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Category Archives: Talent Acquisition

42nd Street – Tap Dancing Into Your New Career

A Podcast of this blog post is available at http://bit.ly/iq5aRC

What does the musical 42nd Street have to do with a business blog about career moves?  Everything!  As a quick primer, 42nd Street the Musical is based on a movie of the same name from 1933.  It’s a play within a play in that all the casting and rehearsals are the scenes of a fictional 1932 Broadway play called Pretty Girl.  Recall that 1932 was the beginning of the depression and here we are in 2011 still oscillating with our current recession.

Though the economic times are similar, that is merely the backdrop of why I am blending the musical with business.  I recently attended a local community theatre opening night performance of 42nd Street.  I was utterly amassed that they could find 29 local actors that could tap dance, since almost all of the numbers involve serious tap dancing.  I leaned over and whispered this to my wife and she said that most of them likely learned to tap for the show.  This is at least true of one of the male leads who credits the choreographer with teaching him to tap. The frequent cheers and applause during the show, and the standing ovation at the end, was well-earned by the energy, passion, and outstanding singing, acting, and dancing.

So how did the producer and casting director pick the actors during the auditions?  Was it because they could tap dance?  Not likely.  It must have been their theatrical accomplishments, competencies, and passion for the role.  The choreographer/producer made the assumption she could teach them to tap if they brought forth the core talent to perform. Because of the casting choices and excellent directing and training, the audience thoroughly enjoyed the singing, acting, and tap dancing of every cast member and their collective ensemble stage presence. 

Now contrast this with the current methodology many companies are using today as they seek to audition a candidate for employment.  The job requirement often lists 10 things the candidate must have and if a candidate doesn’t possess all of the requirements, they are often excluded from moving forward in the hiring process.  In the pre-recession days of scarce resources, those 10 requirements would have been divided into Must-Have’s and Nice-to-Have’s with about a 50/50 split.  With an abundance of people in the job market, some recruiters and hiring managers are insisting on all 10 without applying weighting factors.  Are they seeking to hire the best overall employee for the company or one that can identify with the current needed skill?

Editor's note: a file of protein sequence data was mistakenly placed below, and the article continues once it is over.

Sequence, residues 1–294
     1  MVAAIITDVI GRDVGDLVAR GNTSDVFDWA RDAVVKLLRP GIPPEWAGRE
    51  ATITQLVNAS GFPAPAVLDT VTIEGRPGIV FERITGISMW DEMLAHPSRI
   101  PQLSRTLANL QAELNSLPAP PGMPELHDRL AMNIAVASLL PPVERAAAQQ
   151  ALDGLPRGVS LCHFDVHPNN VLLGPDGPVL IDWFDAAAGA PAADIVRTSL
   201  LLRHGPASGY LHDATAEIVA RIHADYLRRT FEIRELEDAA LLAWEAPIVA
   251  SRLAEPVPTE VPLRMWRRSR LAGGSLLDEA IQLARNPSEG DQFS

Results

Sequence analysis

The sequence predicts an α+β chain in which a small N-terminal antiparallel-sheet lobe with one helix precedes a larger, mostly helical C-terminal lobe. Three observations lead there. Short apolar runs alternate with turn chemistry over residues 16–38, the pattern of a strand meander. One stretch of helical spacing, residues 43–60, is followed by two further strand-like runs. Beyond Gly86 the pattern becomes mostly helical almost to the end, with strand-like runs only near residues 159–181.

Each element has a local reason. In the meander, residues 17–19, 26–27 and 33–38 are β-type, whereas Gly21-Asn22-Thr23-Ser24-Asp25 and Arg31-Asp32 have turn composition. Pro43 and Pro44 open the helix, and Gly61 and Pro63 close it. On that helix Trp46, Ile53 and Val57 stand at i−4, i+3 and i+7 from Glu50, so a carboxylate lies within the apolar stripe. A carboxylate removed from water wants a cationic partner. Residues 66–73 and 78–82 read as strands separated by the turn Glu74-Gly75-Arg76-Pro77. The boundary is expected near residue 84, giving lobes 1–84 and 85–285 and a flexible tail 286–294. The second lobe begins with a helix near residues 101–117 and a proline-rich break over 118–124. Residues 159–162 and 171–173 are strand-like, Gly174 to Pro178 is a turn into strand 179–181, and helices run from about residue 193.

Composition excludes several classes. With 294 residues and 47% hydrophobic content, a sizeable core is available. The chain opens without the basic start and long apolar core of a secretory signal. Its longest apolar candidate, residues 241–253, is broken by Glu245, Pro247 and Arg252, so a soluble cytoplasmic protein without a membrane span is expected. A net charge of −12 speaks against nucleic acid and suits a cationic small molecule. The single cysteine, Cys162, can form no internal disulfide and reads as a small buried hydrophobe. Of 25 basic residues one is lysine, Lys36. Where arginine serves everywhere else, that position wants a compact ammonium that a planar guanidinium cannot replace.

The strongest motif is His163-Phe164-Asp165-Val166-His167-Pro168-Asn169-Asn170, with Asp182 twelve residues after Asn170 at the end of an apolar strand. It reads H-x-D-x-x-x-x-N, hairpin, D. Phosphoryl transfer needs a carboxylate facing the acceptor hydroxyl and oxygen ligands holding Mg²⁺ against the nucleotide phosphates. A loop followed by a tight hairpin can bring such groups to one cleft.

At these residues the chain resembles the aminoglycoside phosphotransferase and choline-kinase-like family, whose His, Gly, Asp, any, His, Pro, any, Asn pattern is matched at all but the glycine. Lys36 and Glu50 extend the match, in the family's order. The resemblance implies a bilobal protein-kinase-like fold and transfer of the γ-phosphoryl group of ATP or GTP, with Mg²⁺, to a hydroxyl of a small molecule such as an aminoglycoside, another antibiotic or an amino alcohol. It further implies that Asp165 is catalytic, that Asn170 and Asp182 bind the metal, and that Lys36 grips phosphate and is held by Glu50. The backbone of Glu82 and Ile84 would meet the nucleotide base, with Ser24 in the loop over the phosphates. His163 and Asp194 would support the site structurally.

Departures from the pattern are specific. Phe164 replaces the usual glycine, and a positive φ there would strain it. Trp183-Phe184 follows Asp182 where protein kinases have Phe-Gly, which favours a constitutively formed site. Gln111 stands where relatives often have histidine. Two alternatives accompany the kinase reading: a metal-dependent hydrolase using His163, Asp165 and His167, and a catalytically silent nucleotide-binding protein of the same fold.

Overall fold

Imagine if the choreographer chose only those that could tap dance.  Would that have produced the excitement and passion that thrilled me the other night?  Is tap that popular these days?  Or did she pick the best actors that had proven they could sing and had dance talent and then assume that a few weeks of intense tap dance training would create an outstanding cast?  Would I have enjoyed great tap dancing at the expense of stage presence, singing strength, or acting ability?

How many candidates possess that stage presence, functional strengths, a progressive record of outstanding accomplishments, and core professional competencies, but are minus one learnable skill?  If the one learnable skill was absent from the requirement, would these same candidates be much better employees in the long run and bring sustained success to the company. Are these companies hiring for that one next assignment or hiring people for a career that will provide year over year value to customers and increase shareholder value?

I have been spending more time networking recently and have met many intelligent and motivated people who are seeking a new career opportunity.  They often talk about the one thing that excluded them from becoming an employee of their targeted company.  I can’t help but wonder if the person chosen over them was really a better addition to the people equity of that firm. Over a cup of coffee, I had the privilege to experience tremendous strengths and passion they could have used to make a difference in value creation for that company.  Would the company acquire a more loyal employee by taking the risk and investing a small amount of time for that person to “hit the ground running” a few weeks out?  Or have they hired the sub-optimal candidate that can “hit the ground running”, but then head in the wrong direction really quick?

The challenge to acquire that next employee in this recession recovery period is the responsibility of both candidates and employers.  The candidates need to prove they are active learners and can demonstrate this with recent skill acquisition and demonstrated active learner behaviors.  The employers need to evaluate the accomplishments and competencies of the candidates and assume that a missing skill is one training event away.  Given these assumptions, every employer has a golden opportunity to hire proven, accomplished, and talented people who will leverage new skill training into success for their customers and shareholders.

Candidates – step up to the challenge to prove you are an agile and active learner.  Employers – step up to the challenge to hire your best next employee.  After all, you will end up spending more time with them during the work week than you will with your family or friends! 

“Come and meet those dancing feet on the avenue I’m taking you to… 42nd Street.”

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Posted by on June 14, 2011 in Talent Acquisition

 

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